Brain metastases are the final, lethal consequence of many aggressive cancers, and researchers are racing to discover preventive measures.
A new Tel Aviv University study finds a known adjuvant — an ingredient used in some vaccines to strengthen the immune response —may be an effective means of preventing brain metastases in patients whose primary tumors have been removed. Continue reading →
Our bodies may have their own internal clocks — but our brains sure like to hit the snooze button.
You know what I’m talking about. When your alarm goes off at 6 a.m. and your brain is so foggy and slow you couldn’t win a spelling bee with a dictionary. On those days it takes an hour and two cups of coffee before you can Continue reading →
A new study published in the European Review for Medical and Pharmacological Sciences has revealed something quite counterintuitive about chocolate, one of the world’s most prized ‘high-fat’ foods. This strangely medicinal ‘sweat treat,’ which ironically you find in the candy aisle at the pharmacy, improved markers of cardiovascular disease, including the reduction of belly fat, and only after one week of consumption.
Findings could lead to greater understanding of sex differences in language acquisition
Male rat pups have more of a specific brain protein associated with language development than females, according to a study published February 20 in The Journal of Neuroscience. The study also found sex differences Continue reading →
Team apply new procedure to rapidly induce nerve regeneration in mammals
American scientists believe a new procedure to repair severed nerves could result in patients recovering in days or weeks, rather than months or years. The team used a cellular mechanism similar to that used by many invertebrates to repair damage to nerve axons. Their results are published today in the Journal of Neuroscience Research. Continue reading →
Difficult decisions can be made easier if you “sleep on it.” In contrast, after unfortunate news, trauma, a big argument or any emotional upset, sleep makes your bad feelings worse. So reduce mental strain after unpleasantness by staying awake for a while even if it’s the middle of the night. Otherwise, giving in to sleep magnifies and promotes your unsettled feelings. Continue reading →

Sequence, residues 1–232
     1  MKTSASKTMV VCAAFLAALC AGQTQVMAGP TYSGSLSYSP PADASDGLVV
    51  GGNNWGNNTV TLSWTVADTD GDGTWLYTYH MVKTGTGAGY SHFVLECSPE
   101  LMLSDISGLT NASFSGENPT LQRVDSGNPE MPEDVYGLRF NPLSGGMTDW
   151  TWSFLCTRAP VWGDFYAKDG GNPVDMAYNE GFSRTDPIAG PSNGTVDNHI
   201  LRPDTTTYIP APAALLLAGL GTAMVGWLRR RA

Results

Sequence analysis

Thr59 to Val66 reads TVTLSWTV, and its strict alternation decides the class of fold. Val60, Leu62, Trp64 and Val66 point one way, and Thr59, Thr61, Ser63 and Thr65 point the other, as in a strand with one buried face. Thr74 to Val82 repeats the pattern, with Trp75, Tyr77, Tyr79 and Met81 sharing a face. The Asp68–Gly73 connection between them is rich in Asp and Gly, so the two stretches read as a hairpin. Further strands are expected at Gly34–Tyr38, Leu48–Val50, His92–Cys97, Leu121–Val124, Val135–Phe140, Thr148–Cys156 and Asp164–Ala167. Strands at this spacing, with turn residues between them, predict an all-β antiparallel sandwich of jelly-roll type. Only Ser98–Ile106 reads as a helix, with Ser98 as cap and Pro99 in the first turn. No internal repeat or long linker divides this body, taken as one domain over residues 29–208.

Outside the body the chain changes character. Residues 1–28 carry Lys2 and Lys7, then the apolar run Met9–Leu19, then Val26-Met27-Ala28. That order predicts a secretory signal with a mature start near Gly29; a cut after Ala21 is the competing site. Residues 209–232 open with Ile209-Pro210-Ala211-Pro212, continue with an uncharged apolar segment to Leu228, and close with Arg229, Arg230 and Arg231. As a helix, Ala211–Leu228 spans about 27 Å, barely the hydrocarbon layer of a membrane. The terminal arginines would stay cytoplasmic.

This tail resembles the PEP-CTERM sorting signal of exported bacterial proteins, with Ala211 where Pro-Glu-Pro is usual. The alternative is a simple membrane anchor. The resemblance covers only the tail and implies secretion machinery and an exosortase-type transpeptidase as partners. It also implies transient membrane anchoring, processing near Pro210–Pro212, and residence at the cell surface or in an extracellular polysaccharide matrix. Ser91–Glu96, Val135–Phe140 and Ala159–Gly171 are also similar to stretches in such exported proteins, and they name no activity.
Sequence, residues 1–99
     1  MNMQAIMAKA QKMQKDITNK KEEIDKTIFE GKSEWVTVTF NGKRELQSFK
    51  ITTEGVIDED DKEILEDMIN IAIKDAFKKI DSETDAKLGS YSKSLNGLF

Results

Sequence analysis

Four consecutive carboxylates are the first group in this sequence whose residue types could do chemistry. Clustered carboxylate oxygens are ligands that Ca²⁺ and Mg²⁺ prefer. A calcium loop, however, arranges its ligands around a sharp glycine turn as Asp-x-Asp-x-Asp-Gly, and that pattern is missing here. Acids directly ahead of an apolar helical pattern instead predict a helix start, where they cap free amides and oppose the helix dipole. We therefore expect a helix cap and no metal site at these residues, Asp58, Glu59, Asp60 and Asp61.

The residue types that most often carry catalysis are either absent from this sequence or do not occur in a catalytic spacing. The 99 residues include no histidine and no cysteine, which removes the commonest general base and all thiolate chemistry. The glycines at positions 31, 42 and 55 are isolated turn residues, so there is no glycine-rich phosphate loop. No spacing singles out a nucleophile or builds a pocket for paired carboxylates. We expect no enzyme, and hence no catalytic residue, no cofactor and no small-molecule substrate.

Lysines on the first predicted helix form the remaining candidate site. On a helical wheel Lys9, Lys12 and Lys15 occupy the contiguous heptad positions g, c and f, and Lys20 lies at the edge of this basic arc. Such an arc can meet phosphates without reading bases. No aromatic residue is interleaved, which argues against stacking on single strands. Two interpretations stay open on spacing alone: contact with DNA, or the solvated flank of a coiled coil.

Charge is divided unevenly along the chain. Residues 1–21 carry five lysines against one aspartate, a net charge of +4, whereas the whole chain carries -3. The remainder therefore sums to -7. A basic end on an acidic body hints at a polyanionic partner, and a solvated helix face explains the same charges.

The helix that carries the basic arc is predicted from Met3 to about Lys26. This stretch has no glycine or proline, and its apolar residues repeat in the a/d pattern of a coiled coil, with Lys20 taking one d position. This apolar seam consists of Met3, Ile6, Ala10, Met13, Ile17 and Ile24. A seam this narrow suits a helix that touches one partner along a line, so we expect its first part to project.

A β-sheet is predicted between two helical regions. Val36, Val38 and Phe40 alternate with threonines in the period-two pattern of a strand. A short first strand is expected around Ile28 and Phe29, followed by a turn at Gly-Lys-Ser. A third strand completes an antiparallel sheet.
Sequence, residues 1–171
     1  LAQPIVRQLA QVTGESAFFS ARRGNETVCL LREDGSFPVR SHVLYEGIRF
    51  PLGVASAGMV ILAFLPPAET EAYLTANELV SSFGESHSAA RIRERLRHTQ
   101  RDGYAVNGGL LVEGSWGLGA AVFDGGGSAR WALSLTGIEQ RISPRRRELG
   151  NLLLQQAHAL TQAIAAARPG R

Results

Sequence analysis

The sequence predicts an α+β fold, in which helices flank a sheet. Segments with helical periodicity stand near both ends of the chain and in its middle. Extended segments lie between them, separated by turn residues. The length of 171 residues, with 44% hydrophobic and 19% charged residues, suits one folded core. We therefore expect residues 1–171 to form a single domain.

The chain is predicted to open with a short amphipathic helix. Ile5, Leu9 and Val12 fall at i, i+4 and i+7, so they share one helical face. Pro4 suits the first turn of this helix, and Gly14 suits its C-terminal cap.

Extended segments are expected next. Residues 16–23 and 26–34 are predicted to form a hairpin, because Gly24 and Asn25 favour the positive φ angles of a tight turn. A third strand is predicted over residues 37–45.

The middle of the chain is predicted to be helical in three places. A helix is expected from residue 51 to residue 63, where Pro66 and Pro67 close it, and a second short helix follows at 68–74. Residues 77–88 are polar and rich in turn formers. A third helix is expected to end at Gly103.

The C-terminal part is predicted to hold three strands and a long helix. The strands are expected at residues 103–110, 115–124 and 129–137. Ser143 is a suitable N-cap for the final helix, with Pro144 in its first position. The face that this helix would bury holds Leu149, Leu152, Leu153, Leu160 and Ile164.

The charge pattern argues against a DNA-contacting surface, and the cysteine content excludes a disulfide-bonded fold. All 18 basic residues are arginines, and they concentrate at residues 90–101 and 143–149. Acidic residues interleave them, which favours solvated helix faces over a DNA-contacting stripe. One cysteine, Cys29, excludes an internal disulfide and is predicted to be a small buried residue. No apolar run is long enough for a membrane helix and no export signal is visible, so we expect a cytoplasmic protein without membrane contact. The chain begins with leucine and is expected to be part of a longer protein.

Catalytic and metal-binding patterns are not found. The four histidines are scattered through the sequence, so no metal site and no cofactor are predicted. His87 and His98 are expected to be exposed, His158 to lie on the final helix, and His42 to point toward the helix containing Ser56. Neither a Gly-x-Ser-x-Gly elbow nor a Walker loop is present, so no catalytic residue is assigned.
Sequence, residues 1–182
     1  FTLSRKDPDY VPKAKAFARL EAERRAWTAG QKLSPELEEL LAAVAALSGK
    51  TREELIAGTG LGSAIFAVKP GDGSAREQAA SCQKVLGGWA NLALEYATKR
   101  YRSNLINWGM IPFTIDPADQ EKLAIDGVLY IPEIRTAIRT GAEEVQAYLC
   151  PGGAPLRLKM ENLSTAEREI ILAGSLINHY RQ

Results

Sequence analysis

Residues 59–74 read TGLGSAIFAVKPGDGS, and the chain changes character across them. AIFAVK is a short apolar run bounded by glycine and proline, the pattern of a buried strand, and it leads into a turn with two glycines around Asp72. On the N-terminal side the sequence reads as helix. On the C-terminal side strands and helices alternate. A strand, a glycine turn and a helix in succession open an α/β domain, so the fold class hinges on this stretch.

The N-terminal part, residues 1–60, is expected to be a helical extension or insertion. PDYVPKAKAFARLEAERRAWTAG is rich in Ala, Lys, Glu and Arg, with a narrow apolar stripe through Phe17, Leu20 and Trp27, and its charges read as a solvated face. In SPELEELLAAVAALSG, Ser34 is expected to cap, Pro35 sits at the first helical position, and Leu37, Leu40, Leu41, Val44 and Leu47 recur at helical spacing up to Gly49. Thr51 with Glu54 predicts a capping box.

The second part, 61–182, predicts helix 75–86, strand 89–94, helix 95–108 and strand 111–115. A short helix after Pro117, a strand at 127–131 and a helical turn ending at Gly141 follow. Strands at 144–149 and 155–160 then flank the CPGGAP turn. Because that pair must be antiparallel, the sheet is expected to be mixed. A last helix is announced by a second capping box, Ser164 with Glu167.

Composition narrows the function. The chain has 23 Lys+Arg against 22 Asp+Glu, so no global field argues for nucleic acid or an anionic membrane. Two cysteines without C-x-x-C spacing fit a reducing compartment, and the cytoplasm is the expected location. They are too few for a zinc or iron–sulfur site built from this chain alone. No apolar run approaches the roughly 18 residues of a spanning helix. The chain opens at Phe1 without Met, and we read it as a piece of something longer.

To hear many people in the mainstream media as well as mainstream medicine describe it, dementia is something similar to a curse: you will get it or you won’t, so all you can do as you get older is just wait and see. Fortunately, evidence is mounting that shows this simply isn’t so, and healthy and natural lifestyle choices can protect the brain and may prevent various forms of memory and identity robbing dementia.
For example, as NaturalNews previously reported, scientist William B. Grant, PhD, of the Sunlight, Nutrition, and Health Research Center (SUNARC), is researching a link between a lack of vitamin D and Alzheimer’s disease and other vascular dementias (http://www.naturalnews.com/026392_V…). And now comes word from two new studies that restful sleep and exercise Continue reading →
MUNICH – A three-year project called CAMbrella will receive nearly 1.5 million euros of European Union funding to establish a research network for the study of complementary medicine. The center for complementary medicine research at “Rechtsder Isar,” the university hospital of the TechnischeUniversitaetMuenchen will coordinate the project for the winning applicant group, which includes 16 scientific organizations from 12 European countries.
BUENOS AIRES – An international team of researchers have found that brains of patients in vegetative and minimally conscious state still appears to have the ability to learn.
The team hopes that the finding will lead to a simple test that will enable practitioners to assess the patient’s consciousness without the need of imaging.
During the study, the researchers from University of Buenos Aires, Argentina, the University of Cambridge, UK and the Institute of Cognitive Neurology, Argentina used the classical Pavlonian conditioning to test the responsiveness of patients in vegetative state.
The researchers played a tone immediately prior to blowing air into a patient’s eye.
After some time training, they found that the patients would start blinking when the tone played but before the air puff to the eye.
However, this was not seen in the control subjects, volunteers who had been under anaesthesia.This test will hopefully become a useful, simple tool to test for consciousness without the need for imaging or instructions,” Nature magazine quoted lead author Dr Tristan Bekinschtein, from the University of Cambridge’s Wolfson Brain Imaging Unit, as saying.
“Additionally, this research suggests that if the patient shows learning, then they are likely to recover to some degree,” Bekinschtein added.
The findings appear in the online edition of Nature Neuroscience.